Oreste review at Wilton’s Music Hall – ‘talented young cast’
For the first time, the Royal Opera takes up residence at Wilton’s for this show by young professionals from the Jette Parker Young Artists programme. A rarely performed piece, Handel’s 1734 Oreste consists of arias from other works assembled in a new dramatic context: Handel’s contemporaries would have called the result a ‘pasticcio’ – Italian for a pie or a mess.
The ultimate source is Euripides’ Iphigenia in Tauris, and given the nature of the original myth, with its ongoing acts of slaughter, blood sacrifice and revenge, one can hardly fault Gerard Jones’ staging for representing the violence inherent in the plot and its background.
Jones co-designs the show with artist Matt Carter. Their straightforward set is covered with urban art, including a portrait of local king Toante, a genial psychopath dressed in idiosyncratic uniform, who has all foreign visitors to his kingdom sacrificed. Through a window in the back of the set, we see Diana’s priestess – an unwilling Ifigenia – bludgeon an unknown victim to death during the overture. Throughout there’s an emphasis on mistreatment, torture and violence.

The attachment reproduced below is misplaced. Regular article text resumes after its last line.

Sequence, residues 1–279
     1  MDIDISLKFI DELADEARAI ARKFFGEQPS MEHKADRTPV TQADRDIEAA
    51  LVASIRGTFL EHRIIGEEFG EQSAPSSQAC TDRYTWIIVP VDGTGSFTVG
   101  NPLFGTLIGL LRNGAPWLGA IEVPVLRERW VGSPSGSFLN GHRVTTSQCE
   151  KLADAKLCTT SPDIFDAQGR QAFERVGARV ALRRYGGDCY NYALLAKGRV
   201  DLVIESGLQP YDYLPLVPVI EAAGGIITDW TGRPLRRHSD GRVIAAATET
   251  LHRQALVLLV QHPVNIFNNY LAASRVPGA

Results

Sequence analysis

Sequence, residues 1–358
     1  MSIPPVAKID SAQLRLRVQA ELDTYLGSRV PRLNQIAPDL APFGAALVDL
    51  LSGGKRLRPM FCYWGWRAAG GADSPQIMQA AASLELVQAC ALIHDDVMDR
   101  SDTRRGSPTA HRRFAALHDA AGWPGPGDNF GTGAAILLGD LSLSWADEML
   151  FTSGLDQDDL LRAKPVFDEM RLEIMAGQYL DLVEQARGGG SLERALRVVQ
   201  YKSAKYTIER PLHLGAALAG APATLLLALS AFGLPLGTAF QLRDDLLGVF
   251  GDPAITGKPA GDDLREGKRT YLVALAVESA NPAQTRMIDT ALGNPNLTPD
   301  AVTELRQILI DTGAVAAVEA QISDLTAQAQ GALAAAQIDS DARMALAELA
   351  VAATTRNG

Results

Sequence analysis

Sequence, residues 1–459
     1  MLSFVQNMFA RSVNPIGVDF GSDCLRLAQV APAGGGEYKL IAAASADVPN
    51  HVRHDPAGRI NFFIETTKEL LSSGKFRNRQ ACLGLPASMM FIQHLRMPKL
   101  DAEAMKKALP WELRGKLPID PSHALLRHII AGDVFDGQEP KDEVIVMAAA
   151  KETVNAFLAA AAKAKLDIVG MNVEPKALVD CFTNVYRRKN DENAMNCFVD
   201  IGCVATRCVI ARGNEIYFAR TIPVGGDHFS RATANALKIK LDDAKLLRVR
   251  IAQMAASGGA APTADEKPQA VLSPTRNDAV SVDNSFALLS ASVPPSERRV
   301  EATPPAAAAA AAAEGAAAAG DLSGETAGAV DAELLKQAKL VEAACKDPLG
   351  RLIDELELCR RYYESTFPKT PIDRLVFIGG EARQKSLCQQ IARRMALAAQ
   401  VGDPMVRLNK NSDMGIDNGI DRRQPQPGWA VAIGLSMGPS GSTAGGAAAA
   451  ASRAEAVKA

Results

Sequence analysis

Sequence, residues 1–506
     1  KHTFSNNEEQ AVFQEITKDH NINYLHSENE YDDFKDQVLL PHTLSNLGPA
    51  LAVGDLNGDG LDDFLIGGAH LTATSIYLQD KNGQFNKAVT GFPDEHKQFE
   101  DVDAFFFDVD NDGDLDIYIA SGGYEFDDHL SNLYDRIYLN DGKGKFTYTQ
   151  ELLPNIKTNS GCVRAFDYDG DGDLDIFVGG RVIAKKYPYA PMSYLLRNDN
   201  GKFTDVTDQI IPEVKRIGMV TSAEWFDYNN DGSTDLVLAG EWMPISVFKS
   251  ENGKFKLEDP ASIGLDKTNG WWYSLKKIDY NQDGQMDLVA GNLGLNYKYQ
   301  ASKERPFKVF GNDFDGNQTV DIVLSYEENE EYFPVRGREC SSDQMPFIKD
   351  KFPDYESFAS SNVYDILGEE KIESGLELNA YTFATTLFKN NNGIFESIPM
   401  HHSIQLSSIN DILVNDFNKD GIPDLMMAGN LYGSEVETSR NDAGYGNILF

Where Jones goes too far is in the constant tics and twitches with which his often crazed characters are over-liberally endowed: in this instance, the result demonstrates the law of diminishing returns, but there’s no denying the effort put in by the cast to realise the director’s intentions.
High vocal standards, from Angela Simkin’s psychologically damaged Oreste, Jennifer Davis’s reluctant executioner Ifigenia, Thomas Atkin’s vividly sung Pilade, Vlada Borovko’s spirited Ermione, Simon Shibambu’s grand-scale Toante and with Gyula Nagy an increasingly lairy Filotete – a contralto role transposed for baritone. James Hendry is the expert conductor of 10 alert members of the Southbank Sinfonia.